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Boston Herald - Kin Cheers Kidnapped Dad's Release

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Location: Unknown

Matt Stout and Peter Gelzenis

The overjoyed family of a Dorchester minister freed yesterday three days after he and an Everett woman were kidnapped on a trip to Egypt's Mount Sinai say they are now eagerly awaiting his stateside return.

"He just told us that he loves us, he's safe and he's coming home," Nathanael Louis said of his father, the Rev. Michel Louis. Rev. Louis, along with Lissa Alphonse, a 39-year-old Everett mother of two, and their tour guide, were turned over to security officials yesterday. Their kidnapper -- identified by the Associated Press as Jirmy Abu-Masuh -- had abducted them in a bid to free his jailed uncle.

Chanting and cheering throughout the afternoon, Louis' family gathered at his Dorchester home, at one point receiving an emotional phone call from Louis himself confirming he was OK.

"I don't know how his health is," a beaming Rev. Jean Louis said of his father, noting concerns the family had about the well-being of the diabetic 61-year-old pastor. "Just by his voice, we can tell he's our normal father."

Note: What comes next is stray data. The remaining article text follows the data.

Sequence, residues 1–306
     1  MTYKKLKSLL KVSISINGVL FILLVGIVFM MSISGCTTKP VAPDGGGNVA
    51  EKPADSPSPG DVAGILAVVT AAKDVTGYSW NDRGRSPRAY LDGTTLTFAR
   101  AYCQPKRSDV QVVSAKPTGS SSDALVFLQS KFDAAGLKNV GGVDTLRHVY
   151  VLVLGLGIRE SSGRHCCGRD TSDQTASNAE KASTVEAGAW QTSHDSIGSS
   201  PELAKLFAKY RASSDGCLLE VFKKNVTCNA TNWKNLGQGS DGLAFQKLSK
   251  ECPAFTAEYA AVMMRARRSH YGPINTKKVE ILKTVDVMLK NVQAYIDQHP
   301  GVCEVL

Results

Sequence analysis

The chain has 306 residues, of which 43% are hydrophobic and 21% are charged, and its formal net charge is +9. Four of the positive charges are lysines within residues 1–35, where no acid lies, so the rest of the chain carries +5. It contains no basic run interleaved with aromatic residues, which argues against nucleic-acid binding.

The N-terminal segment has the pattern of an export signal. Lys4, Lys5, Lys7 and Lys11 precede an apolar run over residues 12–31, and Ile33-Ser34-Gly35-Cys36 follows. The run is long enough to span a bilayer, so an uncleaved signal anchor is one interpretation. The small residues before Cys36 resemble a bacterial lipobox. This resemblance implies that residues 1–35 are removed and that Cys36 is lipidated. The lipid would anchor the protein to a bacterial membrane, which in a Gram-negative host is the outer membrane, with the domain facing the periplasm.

The family praised Massachusetts U.S. Sens. John Kerry and Scott Brown, who had been in touch with relatives since the onset of Friday's kidnapping and contacted U.S. officials in Egypt. Kerry also helped arrange yesterday's satellite phone call between Louis and his children.

"The thing was complicated by the fact that the Egyptians considered (Abu-Masuh's uncle) a high-level prisoner," Kerry told the Herald, adding that the new Egyptian government realized that "they don't need this kind of stuff broadcast all over the world."

Abu-Masuh, 32, told the AP that he had stopped the Americans' tour bus and ordered them to get off along with their tour guide and translator. But he also said he fed his prisoners, offered them tea and coffee, and let them sleep in his house, the AP reported.

Bishop Gideon Thompson of the Jubilee Christian Church said he "didn't sense" any anger amongst Louis' family toward the minister's captors, "but more horror that this kind of thing could happen."

"It was ill-advised and ill-planned," he said of the abduction.

City Councilor Charles Yancey said news of the Americans' release was met with "relief and gratitude" and that he has "every expectation" the city will make plans to honor their return.

"There will be great celebration in Boston," Yancey said.

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